This is an account of one lesson plan’s pivot from slide presentation to real time research.

I wanted to make a slide show of production stills from the 1922 production of Eugene O’Neill’s The Hairy Ape. I imagined the students being brought into the creative decisions made by the Provincetown Players as we looked at the New York Public Library’s digital collection of slides together. We would analyze set design and lighting choices, as well as the gesture and physicality of the actors. It would be a great way to show students what the NYPL’s massive digitization project has made available.

Louis Wolheim as Robert Smith, “Yank.” Billy Rose Theatre Division, NYPL.

Then I stopped myself. If I showed students the production stills in an assembled slide show, it would continue to obscure the process of using digital tools to find archival materials. Wouldn’t it be better if students located the images themselves?

They already had their laptops in class since we read the freely available script from We spent a good portion of class discussing the episodic structure, the specificity of O’Neill’s stage directions, his use of language to mark ethnicity and class, and the staging of white working-class masculinity in contrast to Mildred’s white-dress wealth.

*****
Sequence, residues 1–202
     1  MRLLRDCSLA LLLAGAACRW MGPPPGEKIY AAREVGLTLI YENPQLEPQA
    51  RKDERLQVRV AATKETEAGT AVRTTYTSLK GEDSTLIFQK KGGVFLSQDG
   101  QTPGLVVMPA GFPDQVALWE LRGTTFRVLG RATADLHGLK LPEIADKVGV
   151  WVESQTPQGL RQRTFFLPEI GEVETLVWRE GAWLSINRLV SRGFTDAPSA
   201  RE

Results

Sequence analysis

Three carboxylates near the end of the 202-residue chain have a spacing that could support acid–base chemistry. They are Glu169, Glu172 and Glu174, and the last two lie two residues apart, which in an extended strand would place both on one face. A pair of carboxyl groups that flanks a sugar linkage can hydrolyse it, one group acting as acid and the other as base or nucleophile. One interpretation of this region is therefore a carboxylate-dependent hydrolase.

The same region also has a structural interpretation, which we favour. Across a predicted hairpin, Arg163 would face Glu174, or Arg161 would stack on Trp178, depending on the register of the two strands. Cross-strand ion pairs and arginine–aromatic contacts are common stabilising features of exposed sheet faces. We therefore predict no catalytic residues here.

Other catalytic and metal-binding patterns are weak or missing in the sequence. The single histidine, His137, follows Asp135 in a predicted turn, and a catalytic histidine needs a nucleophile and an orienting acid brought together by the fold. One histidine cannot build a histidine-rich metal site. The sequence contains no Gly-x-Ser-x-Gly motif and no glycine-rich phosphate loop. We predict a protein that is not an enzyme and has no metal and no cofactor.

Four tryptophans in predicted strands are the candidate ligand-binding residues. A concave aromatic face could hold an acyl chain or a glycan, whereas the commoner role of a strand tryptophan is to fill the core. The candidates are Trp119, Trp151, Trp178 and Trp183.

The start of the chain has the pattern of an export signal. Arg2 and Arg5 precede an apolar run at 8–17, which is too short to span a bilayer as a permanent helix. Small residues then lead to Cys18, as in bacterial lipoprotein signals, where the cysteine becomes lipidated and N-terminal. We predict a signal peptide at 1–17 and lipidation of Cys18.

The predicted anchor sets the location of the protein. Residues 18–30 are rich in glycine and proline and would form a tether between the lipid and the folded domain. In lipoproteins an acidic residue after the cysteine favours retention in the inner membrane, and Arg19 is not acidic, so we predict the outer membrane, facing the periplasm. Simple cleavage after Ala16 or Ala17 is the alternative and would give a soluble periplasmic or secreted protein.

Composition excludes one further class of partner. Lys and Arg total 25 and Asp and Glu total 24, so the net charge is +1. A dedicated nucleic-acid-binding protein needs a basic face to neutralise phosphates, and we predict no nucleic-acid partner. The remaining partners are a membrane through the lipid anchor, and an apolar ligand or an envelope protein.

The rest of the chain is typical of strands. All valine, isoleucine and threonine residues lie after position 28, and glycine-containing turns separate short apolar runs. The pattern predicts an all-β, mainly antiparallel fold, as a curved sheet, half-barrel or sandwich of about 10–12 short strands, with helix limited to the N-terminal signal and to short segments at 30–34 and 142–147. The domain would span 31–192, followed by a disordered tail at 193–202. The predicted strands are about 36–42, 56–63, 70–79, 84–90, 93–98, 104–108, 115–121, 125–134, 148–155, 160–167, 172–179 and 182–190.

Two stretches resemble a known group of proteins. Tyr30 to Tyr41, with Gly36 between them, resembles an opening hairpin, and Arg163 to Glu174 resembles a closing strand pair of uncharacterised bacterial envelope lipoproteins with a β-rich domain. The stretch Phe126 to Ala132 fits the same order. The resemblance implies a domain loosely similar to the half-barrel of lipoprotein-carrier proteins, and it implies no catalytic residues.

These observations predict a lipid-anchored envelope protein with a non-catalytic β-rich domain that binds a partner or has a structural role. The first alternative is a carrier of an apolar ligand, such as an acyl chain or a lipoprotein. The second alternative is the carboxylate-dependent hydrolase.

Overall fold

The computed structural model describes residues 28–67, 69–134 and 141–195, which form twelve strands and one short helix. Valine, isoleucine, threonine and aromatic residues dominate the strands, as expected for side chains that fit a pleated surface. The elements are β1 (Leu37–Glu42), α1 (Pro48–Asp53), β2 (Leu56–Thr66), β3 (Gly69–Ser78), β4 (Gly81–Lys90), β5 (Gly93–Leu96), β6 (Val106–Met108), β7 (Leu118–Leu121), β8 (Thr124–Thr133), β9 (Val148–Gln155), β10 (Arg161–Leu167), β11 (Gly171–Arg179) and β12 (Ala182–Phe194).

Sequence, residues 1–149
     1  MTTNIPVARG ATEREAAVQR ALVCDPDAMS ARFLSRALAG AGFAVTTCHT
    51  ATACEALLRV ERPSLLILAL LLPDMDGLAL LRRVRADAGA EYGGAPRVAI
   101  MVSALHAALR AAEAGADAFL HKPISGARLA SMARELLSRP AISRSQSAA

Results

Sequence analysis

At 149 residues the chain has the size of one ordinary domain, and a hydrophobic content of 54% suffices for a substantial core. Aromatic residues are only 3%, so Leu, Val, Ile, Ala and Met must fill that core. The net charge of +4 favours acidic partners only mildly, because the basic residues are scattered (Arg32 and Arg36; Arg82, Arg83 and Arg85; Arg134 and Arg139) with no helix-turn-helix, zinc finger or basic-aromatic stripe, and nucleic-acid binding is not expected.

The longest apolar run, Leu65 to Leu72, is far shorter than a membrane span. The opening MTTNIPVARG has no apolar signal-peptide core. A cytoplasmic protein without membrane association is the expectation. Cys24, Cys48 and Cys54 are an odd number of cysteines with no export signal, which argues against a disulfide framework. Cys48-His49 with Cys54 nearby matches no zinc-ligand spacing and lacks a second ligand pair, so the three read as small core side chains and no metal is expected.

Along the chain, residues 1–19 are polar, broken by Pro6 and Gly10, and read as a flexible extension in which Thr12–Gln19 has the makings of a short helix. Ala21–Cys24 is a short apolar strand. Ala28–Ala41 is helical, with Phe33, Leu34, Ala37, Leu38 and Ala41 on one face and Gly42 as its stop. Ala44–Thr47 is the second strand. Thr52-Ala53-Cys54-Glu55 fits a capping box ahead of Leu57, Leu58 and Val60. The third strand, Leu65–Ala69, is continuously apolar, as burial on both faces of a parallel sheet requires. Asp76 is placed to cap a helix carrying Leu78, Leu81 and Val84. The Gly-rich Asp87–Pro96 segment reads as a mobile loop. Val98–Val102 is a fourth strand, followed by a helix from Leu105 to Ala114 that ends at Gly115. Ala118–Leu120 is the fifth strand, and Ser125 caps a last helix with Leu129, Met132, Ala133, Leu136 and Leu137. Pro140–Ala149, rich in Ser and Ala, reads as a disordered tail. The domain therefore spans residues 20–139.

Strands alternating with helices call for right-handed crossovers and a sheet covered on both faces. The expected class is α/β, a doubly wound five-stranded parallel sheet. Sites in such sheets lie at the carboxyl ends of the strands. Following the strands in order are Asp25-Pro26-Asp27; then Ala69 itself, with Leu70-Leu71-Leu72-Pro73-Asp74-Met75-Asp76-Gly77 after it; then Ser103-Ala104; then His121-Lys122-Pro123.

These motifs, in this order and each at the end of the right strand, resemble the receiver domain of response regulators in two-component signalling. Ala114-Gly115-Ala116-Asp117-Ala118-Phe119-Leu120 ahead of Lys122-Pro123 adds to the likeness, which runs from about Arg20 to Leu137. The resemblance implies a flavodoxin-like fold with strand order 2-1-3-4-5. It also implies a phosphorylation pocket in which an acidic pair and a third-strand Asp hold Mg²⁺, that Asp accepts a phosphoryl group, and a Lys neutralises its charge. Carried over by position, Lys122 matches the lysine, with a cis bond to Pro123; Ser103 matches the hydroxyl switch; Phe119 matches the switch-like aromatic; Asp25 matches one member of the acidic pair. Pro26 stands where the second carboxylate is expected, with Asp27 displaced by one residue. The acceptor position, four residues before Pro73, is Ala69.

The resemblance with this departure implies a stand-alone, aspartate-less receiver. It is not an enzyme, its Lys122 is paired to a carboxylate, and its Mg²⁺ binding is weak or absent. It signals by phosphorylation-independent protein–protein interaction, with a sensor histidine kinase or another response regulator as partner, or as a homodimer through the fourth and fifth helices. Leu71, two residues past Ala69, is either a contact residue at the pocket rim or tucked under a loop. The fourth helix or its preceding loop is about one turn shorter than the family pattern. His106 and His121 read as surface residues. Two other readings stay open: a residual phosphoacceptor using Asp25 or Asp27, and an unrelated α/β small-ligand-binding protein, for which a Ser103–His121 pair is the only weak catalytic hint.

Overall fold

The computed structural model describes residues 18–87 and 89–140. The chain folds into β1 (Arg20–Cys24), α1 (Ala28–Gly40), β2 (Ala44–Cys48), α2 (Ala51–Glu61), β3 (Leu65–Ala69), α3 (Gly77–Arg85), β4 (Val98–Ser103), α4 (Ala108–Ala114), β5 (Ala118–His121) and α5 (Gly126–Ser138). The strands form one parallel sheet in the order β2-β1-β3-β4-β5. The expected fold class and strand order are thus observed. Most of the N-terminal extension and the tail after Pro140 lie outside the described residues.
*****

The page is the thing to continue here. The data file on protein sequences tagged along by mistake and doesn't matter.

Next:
Then we discussed production options and the dilemma of the gorilla. How would they stage Scene VIII at the zoo? Is the gorilla meant to be a mirror or a contrast to Yank? Therefore, should the two figures be close in size or quite different? What are the aesthetic and political risks in staging the gorilla? Students identified a variety of problems with using a gorilla suit, including it becoming humorous and disrupting the pathos of Yank’s existential alienation. “Too literal / realistic” was another problem.

Finally, I asked students to get in pairs and google “NYPL Digital Collections.” They quickly chose the most obvious search phrase, the title of the play, and were amazed to see 21 actual production stills, like precious messages from the Provincetown Players from 94 years ago. In pairs, students clicked through the images, selected their favorite, and then did a low-stakes  freewrite about the image: what they saw, what they liked about it, and what it told them about the original production. We then discussed several teams’ responses while looking at their chosen image projected on the screen at the front of the classroom.

Louis Wolheim as Yank. Billy Rose Theatre Division, NYPL.

This exercise brought the material to life, energized the classroom with visual culture and production discussions, and fostered community building among students who collaborated to analyze the production stills. Crucial to my learning goals, it introduced the process of digital research to students in a low-stakes atmosphere.

This post was originally published on